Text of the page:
A job interview is its own artificial environment—with rules and mores that differ quite a bit from most "normal" situations. One thing many people struggle with is knowing how much to toot their own horn. Interviewing for a job requires you to show off traits that you think the company is looking for.
But that can feel uncomfortable or embarrassing—you don't want to sound like your mother holding forth on your brilliant high school years. To help you strike a compelling balance, keep these three rules in mind.
Consider this: The interviewer you're speaking with probably has 10, 50, or even 100 or more candidates vying for the same job, depending on the sort of position you're being considered for. The only way to winnow down that roomful of people is to search for reasons to eliminate candidates—for lack of experience, education, or even their enthusiasm, confidence, energy, and attitude.
Just as resume and cover letter writing advice usually includes "power words" to add energy to your written qualifications, it's important to bring the right vocabulary to your conversation, too. Talk about how you "communicated," "developed," "excelled," "managed," "produced," "solved," and "won." These sorts of terms highlight outcomes, not actions, and while they may sound dry and artificial in isolation, in the right context they can make your achievements really sing.
And don’t just "talk the talk," be ready to "walk the walk." From the moment you pick up the phone, log on to Skype, or walk into the office, show the positive energy and attitude that all companies are looking for. By making sure the interviewer can see that, and considering your impression from her perspective, not yours, you'll actually be making her job easier at the same time that you make yourself a stronger candidate.
The interview isn’t just the time you spend across the desk from an HR professional or hiring manager. From the moment you walk in the door, your every move may well be evaluated.
In a recent New York Times interview, Michael Dowling, CEO of Northwell Health, revealed how he gives candidates a schedule for the time they'll spend at his company—then switches it around with no warning. Why? "I want to see how they react," he explained. "You’re going to be thrown curveballs all the time. It’s a question of how you respond. Don’t get frustrated over it. Roll with the punches."
It's a safe bet that everything you do and say is being evaluated at some level, even if you're under the impression that the interview hasn’t even started. Candidates sometimes think the first person they meet—a receptionist or assistant—isn't who really matters, and either treat them dismissively or chat with them too revealingly. Then they wonder why their "interview" with the hiring manager was much shorter than they'd expected, or even got abruptly cancelled.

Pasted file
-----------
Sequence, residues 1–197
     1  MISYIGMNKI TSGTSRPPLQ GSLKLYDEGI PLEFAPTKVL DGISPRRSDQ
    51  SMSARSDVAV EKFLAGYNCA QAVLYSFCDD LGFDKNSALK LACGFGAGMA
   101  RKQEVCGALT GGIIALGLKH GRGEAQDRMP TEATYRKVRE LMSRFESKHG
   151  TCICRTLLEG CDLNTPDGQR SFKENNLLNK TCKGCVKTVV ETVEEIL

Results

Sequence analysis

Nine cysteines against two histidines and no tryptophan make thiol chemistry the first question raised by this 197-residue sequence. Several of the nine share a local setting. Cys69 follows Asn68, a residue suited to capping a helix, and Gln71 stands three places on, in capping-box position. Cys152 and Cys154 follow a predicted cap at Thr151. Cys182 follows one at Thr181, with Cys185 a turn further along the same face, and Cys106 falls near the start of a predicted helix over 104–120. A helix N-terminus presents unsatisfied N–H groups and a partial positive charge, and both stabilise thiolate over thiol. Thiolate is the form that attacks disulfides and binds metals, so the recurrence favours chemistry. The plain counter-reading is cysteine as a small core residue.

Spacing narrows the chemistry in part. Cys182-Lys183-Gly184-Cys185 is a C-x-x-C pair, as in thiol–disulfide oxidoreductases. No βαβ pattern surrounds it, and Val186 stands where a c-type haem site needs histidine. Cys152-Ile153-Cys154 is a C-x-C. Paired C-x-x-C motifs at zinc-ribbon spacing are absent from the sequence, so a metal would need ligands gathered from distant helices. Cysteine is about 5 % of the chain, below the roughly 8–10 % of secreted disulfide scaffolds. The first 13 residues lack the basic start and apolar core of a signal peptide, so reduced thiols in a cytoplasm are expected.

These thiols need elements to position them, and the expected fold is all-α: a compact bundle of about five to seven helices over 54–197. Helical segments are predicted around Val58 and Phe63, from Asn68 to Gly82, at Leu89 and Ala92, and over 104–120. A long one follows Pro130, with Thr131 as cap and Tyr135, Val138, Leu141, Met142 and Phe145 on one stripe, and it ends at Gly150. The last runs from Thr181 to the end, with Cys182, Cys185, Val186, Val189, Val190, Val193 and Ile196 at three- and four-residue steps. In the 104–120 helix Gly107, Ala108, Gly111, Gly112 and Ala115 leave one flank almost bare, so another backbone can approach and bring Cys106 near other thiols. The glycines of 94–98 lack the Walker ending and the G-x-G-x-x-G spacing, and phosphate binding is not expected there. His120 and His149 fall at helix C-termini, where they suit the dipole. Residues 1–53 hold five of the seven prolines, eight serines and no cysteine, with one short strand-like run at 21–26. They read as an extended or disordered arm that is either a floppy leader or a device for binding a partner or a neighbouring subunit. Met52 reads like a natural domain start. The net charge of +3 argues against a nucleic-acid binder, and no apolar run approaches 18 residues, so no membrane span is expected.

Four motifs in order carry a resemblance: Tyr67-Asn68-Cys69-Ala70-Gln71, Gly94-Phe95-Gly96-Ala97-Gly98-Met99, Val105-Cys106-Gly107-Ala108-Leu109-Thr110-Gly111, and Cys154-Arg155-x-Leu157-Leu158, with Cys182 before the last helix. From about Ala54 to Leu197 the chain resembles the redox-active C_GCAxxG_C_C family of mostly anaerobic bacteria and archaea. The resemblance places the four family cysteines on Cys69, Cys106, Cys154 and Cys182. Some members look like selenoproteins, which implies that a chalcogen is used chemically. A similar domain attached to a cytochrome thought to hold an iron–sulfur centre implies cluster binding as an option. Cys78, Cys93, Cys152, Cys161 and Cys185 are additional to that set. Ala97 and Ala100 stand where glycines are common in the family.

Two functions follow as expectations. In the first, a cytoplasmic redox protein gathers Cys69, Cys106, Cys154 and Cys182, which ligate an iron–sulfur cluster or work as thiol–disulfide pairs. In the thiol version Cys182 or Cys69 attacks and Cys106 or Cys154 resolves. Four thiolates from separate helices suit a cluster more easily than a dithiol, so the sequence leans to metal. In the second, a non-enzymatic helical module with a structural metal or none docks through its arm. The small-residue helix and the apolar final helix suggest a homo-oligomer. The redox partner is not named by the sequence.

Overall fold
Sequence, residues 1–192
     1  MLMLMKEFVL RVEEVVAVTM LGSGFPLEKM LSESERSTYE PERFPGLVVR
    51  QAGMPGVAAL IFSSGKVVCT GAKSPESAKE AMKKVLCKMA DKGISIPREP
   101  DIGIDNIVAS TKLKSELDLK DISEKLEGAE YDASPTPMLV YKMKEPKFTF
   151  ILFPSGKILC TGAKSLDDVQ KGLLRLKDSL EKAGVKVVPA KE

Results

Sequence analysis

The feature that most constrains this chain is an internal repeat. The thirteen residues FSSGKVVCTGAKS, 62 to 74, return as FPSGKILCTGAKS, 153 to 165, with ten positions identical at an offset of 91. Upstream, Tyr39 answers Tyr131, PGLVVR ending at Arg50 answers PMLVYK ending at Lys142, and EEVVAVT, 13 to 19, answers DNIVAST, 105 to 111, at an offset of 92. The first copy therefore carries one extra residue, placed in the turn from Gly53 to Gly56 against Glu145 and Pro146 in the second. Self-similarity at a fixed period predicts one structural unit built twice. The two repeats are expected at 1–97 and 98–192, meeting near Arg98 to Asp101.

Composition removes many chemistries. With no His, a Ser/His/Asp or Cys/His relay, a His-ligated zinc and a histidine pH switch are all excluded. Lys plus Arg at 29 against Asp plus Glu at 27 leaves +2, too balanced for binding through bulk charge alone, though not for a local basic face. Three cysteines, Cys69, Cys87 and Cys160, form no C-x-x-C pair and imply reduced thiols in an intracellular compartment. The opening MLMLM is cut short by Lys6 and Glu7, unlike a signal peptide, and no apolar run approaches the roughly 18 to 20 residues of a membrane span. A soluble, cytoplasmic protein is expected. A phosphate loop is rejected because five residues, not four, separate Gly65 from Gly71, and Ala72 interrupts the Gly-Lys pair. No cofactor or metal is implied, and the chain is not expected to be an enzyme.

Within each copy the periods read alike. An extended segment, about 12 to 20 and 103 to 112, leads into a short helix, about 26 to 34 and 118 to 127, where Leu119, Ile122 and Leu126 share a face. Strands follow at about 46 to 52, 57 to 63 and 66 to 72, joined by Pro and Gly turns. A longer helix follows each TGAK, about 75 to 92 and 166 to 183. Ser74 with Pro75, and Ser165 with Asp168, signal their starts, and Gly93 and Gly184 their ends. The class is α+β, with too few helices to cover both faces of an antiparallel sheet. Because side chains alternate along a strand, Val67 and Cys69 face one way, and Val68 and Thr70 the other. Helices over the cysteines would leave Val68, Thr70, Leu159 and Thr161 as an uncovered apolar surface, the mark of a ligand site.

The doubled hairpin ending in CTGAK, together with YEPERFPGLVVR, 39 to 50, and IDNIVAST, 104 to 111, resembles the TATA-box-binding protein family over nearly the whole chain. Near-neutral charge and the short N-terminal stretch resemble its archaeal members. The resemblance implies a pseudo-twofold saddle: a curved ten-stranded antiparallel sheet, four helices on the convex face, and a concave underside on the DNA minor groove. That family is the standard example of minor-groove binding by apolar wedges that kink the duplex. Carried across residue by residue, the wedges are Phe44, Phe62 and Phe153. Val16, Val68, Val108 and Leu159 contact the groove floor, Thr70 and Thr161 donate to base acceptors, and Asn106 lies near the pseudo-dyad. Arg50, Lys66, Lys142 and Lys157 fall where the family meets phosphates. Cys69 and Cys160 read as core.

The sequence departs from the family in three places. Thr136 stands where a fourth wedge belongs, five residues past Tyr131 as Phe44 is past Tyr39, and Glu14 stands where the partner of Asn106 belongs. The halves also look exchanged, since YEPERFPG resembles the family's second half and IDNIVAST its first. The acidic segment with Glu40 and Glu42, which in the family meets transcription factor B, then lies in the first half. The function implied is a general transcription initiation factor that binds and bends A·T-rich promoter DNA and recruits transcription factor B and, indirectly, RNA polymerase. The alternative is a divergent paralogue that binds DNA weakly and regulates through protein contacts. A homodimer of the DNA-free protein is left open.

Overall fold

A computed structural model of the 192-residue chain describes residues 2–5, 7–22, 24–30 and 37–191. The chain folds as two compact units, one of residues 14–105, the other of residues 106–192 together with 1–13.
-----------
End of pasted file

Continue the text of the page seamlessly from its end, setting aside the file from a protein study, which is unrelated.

You may not think of this as part of the self-promotion puzzle, but if you keep that in mind, it can help shape the impression you leave in your favor.
Modesty is a virtue, but not on a job interview. There are candidates that have gone before you or are coming in right after you, and they won't hesitate to show off what they've got. The shyer you are, the more you have to fight your natural tendency to downplay your qualifications, educational and experiential accomplishments, and be ready to shout them (or at least announce them confidently) from the rooftops.
Can you go "over the top" in your confident attempt to impress the interviewer? Well, enthusiasm doesn’t mean over-caffeinated displays of self-aggrandizement. But when given the choice between being too modest and bragging about everything you’ve done, you'd do better to err on the latter side.
One way to keep you from sounding arrogant is to show genuine passion and enthusiasm for what you've accomplished. That can help you project confidence and energy that isn't all directed at your own, inborn qualities. Instead, it's more about what those qualities have led to.
And the best way to test how well your self-promotion strategy is working is to reflect in real-time about what you're seeing and hearing around you. Does your interviewer still seem engaged and friendly? Or has the conversation taken a more pointed turn?
Finally, you still have to decide if you're as enthusiastic about the job, company, and potential boss as you're pretending to be. Does everyone you meet seem to be dragging themselves through the day, showing little enthusiasm for their work? The more you hear about the job's day-to-day duties, are you still interested?
A helpful counterbalance to the pressures of self-promotion is to remember that you're interviewing the prospective employer as much as they're interviewing you—and you have every right to be just as selective.
Ron Fry is the author of 101 Great Answers to the Toughest Interview Questions, 25th Anniversary Edition